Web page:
Finally finding sweatpants and a T-Shirt proclaiming her love for Star Trek, Deborah tore through the streets of Washington, jumped a curb and charged inside the NASA administration building. James was there with an ever-present cup of coffee, smile, and a one for her.

“We think we figured it out. We think they have some sort of powerful energy drive and they have begun deceleration. Their ship has distinctly slowed down since our last reading.” He explained as they charged through the hallway towards the command center.

“And the wave?”

“It’s gonna fry some satellites if we don’t get them turned off. ISS is also in danger.”

How could she have forgotten the International Space Station and its present position? There were twenty-three men and women up there, and now she found them in the way of a raging energy storm.

“What’s being done for them?”

“We’ve got some contractors prepping supplies for repairs, but they are shutting down every system they can get away from and deploying some makeshift shields. We think we can preserve 93% of the station functionality.”

Oh, she would not want to be up there right now.

“Let’s hope it’s enough.”

12 days to contact

The pictures that Hubble was providing was not what she had expected. The first snows had fallen over the NASA grounds, but Deborah had not paid attention. She struggled to believe how alien their arriving guests were.

It was a spheroid with what looked to be an opaque membrane which contained water of all things. The redshift was undeniable.

The International Space Station, having survived, had finally gotten the pictures they had been taking transmitted and more were on the way to her desk.

“Wow,” Deborah muttered.

“What?” James asked, coming through the door and throwing a pile of papers on his desk.

“Just...just how alien these beings are. How are we even going to communicate with them? Their ship doesn’t even match anything we would conceive of building. No metal, water inside a membrane. How?”

“We’re going to find out, fiancé.” He chuckled.

Deborah glanced down at the engagement ring he had given her a week before. It felt strange to think of weddings when something so weird and wonderful was about to happen to the entire planet.

“I’m sorry, James, I know I haven’t had a chance to meet your parents but—“

“You,” he said, giving her a kiss on the forehead. “Never have to explain yourself. You just need to keep those religious lunatics from convincing people that it’s the end of the world. It’s gotten bad out there.”

The picket line outside the gates was not pleasant to drive through. She had taken to sleeping on site so she could avoid them. Instead of uniting together, the divisions of their culture had broken into violence.

“President still wanting to fire nukes at it?”

“Yeah,” Deborah said, sipping the coffee. “Told him that a ship capable of coming from another star system is going to easily shrug off a nuke. And it’ll piss them off.”


“You’re telling me.”

13 hours to contact

Mandatory curfews had been implemented a few days earlier. It was pretty much when amateur astronomers and the curious with telescopes could see the emerald green ship passing the moon and approaching for an upper equatorial orbit. There had still been no transmissions back from the alien craft. A few more braking maneuvers had fried the majority of the communication satellites. It was now up to the ground-based equipment to hear anything if it came at all.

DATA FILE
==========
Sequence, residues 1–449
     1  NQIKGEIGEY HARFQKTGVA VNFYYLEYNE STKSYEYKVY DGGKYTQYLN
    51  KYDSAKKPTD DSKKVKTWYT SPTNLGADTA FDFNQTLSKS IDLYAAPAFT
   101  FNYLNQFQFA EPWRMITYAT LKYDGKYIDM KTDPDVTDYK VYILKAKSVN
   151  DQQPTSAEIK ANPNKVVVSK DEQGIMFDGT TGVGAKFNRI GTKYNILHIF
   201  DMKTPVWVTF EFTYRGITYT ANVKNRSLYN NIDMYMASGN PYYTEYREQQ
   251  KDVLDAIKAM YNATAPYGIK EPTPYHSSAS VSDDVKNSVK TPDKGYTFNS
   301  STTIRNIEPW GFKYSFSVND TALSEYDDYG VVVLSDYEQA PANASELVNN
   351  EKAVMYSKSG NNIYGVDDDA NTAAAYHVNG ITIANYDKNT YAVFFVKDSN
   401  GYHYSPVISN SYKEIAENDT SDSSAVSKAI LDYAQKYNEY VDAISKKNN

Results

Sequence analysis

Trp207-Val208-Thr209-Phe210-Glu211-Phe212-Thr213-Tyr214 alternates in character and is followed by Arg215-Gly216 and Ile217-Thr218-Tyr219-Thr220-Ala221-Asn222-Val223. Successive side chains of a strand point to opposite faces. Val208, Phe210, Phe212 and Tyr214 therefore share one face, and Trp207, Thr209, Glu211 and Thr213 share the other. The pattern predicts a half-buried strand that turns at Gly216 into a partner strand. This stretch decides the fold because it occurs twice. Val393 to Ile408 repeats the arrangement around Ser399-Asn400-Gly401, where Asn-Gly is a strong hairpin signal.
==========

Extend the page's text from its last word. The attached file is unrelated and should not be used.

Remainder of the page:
Deborah was curled up under a blanket on the floor of her office with James snoring away beside her. She could not sleep knowing that first contact with an alien race was only hours away. The President had made it clear that she was the one who was going to communicate with them when they reached out, and that was a burden she did not want.

What was she going to say to them? They could be a race so advanced that their very thoughts could be impossible to fathom. How do humans communicate with lowly ants?

The world was silent. The fighting had ceased, and everyone was holding their collective breaths for the end. Only a random beam of a headlight went through her half-open curtain showing her that life still existed on the planet.

What was she going to say to them?


The transmission had begun. A tremor of terror had shot through Deborah when the Director of NASA came in and told her that the alien vessel was attempting to. There seemed to be an issue with compatibility, so all they could do was sit and wait.

She sat by the printer and computer that would receive the first message from an alien race. The new keyboard seemed to mock her inability to form words in her brain. The bile tried to force its way up her throat. Deborah made a mental note of where the nearest wastebasket was.

The printer jumped to life, causing everyone to panic. Deborah felt ashamed at the squeak of terror, which escaped her mouth. The head of the printer shot back and forth, and the little words began to appear. When the paper was kicked out, Deborah took it up with a mixture of terror and anticipation. She began to scan the words that were transmitted in English from the mysterious vessel in orbit. The fear in her face ebbed away. It was replaced with astonishment. She laughed.

“What? Why are you laughing?” James asked, concerned.

Clearing her throat, Deborah Pratt read out the first words received from an extra-terrestrial race.

“We are lost. Do you know the way to Alpha Centauri?”


© 2019 Jonathan Snyder

Bio: Mr. Snyder has been writing stories since his mother handed him a college typewriter at the age of twelve. With a love for stories and the written word, he has continued to share his work with anyone willing to hold still long enough to be caught by it. His publication credits include Aphelion, JukePop and Gateway Science Fiction Magazine.http://www.jtworld.net His last Aphelion appearance was Hitchhiker in the Storm in our December, 2015 issue.